The night that he has Banquo murdered, Macbeth hosts a banquet for his nobles. Lady Macbeth, who does not know what has happened to Banquo, tries to play the gracious hostess, and says of the guests, "my heart speaks they are welcome" (3.4.8). However, just as she says this, her husband goes to the door and whispers with someone there. (We see that it's the First Murderer, reporting Banquo's death.) This goes on for so long that she has to remind Macbeth that he's neglecting the guests. Then, when Macbeth starts to take a seat among his guests, he suddenly starts making faces and speaking to the empty stool. She has to take him aside and give him a tongue-lashing, starting with the sarcastic question, "Are you a man?" (3.4.57). Eventually he calms down and returns to the guests, but as he proposes a toast to Banquo, the ghost of Banquo appears again. This makes the guests stare and ask questions, so she gets rid of them by telling them that if they stay they will only make things worse. By the end of the scene, she seems to have forgotten her anger against her husband. She tells him that "You lack the season of all natures, sleep" (3.4.140).      [Detailed Scene Summary]

Lady Macbeth's waiting gentlewoman tells a doctor, "I have seen her rise from her bed, throw her night-gown upon her, unlock her closet, take forth paper, fold it, write upon't, read it, afterwards seal it, and again return to bed; yet all this while in a most fast sleep" (5.1.3-7). Soon after, Lady Macbeth appears, sleep-walking and sleep-talking. She is carrying a candle, which she has ordered to be kept lit at her bedside, so it appears that she is now afraid of the dark. She tries to wash an imaginary spot of King Duncan's blood from her hand, but can't do it. She tries again and again, but she also relives other horrors, including her attempt to persuade her husband that Banquo couldn't possibly rise from his grave. As she exits, she imagines that Duncan has just been murdered, and that she is leading her husband off to bed.      [Detailed Scene Summary]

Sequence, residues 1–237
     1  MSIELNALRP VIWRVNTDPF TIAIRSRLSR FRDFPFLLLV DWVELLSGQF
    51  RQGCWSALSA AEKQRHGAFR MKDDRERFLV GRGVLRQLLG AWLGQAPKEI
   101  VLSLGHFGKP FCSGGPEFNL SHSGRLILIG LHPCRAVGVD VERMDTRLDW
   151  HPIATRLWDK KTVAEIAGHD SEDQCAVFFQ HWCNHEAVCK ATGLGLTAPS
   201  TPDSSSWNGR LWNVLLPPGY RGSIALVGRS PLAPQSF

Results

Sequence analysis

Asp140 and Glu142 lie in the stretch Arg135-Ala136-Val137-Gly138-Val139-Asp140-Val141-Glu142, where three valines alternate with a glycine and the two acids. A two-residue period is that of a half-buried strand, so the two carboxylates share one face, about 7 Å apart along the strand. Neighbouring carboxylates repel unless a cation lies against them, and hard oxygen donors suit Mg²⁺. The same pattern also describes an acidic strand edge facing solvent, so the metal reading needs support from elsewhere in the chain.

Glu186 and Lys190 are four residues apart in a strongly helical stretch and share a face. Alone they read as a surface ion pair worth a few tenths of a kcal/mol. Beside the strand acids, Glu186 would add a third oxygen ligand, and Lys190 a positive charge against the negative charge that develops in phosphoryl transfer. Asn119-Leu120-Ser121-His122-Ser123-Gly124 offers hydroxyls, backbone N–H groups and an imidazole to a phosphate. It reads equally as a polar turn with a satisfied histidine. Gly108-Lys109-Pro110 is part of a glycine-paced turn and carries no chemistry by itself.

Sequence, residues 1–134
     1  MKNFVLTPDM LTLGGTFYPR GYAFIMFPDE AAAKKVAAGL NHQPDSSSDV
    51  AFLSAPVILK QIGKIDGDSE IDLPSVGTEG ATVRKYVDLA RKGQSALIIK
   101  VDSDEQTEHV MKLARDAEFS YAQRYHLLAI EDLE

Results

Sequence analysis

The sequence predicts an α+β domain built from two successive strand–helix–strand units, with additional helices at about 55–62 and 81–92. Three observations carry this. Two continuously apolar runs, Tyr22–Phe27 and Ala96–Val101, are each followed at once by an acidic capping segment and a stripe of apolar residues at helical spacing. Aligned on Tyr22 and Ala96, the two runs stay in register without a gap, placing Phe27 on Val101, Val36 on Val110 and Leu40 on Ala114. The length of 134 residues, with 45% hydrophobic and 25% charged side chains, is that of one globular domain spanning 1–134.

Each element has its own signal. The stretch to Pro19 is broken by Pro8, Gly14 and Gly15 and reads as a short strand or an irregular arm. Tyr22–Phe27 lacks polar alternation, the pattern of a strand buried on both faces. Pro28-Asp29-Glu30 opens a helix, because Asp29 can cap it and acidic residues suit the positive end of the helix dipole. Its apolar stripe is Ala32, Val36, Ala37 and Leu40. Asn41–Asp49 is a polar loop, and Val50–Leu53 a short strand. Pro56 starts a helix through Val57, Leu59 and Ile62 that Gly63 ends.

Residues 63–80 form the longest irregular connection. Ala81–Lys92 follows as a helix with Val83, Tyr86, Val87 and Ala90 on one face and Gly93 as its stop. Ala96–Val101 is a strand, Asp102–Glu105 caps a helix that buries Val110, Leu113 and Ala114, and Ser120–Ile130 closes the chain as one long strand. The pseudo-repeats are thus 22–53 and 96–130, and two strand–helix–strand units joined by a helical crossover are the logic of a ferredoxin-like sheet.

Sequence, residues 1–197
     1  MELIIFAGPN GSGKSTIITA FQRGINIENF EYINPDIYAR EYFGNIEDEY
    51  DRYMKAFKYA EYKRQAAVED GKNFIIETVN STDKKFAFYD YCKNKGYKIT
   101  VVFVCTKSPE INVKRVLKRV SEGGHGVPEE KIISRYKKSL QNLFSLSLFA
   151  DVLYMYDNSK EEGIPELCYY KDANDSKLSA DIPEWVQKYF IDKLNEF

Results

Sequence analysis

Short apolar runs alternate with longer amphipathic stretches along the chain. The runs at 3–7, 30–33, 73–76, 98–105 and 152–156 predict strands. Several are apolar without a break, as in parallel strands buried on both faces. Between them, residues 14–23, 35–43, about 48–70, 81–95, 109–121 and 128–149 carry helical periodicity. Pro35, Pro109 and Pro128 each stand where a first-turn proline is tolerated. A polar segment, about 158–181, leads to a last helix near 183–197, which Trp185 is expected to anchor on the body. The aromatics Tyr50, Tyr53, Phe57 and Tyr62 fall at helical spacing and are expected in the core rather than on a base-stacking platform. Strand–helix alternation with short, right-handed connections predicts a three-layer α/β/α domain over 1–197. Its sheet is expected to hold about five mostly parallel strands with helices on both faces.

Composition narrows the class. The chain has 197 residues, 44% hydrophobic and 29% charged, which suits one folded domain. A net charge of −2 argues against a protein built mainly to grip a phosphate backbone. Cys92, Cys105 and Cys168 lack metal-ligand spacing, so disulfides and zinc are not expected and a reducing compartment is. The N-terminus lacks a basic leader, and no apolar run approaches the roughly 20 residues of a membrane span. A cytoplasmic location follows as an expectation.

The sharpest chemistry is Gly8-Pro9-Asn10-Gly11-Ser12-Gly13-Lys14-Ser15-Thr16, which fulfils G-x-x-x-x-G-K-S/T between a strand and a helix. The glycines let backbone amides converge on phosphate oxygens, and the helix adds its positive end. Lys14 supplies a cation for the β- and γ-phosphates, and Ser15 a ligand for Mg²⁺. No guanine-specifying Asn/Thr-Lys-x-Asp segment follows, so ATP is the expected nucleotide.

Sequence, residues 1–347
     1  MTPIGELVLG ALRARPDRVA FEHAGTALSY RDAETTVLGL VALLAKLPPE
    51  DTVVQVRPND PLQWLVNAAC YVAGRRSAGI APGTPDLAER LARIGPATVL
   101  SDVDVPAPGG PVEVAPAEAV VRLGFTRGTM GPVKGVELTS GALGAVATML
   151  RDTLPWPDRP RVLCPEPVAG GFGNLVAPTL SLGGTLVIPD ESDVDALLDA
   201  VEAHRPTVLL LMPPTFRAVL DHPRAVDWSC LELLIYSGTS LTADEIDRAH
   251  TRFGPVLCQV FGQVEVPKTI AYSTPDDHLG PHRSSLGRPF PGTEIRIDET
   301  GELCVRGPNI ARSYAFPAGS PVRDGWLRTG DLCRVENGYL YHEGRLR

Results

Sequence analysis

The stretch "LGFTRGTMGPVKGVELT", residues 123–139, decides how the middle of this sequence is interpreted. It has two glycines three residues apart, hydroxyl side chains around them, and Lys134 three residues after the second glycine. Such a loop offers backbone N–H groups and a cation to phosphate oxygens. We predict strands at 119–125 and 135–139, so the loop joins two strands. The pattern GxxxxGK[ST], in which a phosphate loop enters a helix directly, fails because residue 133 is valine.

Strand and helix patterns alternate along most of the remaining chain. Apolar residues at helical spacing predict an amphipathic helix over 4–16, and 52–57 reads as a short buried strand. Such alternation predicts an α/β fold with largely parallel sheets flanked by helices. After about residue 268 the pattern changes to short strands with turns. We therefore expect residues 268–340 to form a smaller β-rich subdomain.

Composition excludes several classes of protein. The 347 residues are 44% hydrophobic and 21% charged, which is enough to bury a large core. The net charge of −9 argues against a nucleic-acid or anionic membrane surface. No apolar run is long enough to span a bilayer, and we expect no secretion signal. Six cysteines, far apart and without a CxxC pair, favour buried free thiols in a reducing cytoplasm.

As he tries to prepare himself for battle with the forces arrayed against him, Macbeth asks the doctor how Lady Macbeth is doing. The doctor replies, "Not so sick, my lord, / As she is troubled with thick coming fancies" (5.3.37-38). The "fancies" are the things that the lady sees and remembers as she walks in her sleep. Macbeth asks the doctor to cure her, but he replies, "Therein the patient / Must minister to himself" (5.3.45-46). This angers Macbeth, and he curses medicine.      [Detailed Scene Summary]

As the forces under Malcolm approach Macbeth's castle, Macbeth receives the news that "The queen, my lord, is dead" (5.5.16), but that is all he is told. There's nothing about how or why she died. The news inspires Macbeth's most famous speech, but he doesn't really mourn his wife's death.      [Detailed Scene Summary]

In the last speech of the play, Malcolm, the new King of Scotland, promises to punish those who assisted Macbeth and "his fiend-like queen -- / Who, as 'tis thought, by self and violent hands / Took off her life" (5.8.70-72). Did Shakespeare merely mean that Lady Macbeth committed suicide, or does "'tis thought" indicate that there is some doubt about how she died?      [Detailed Scene Summary]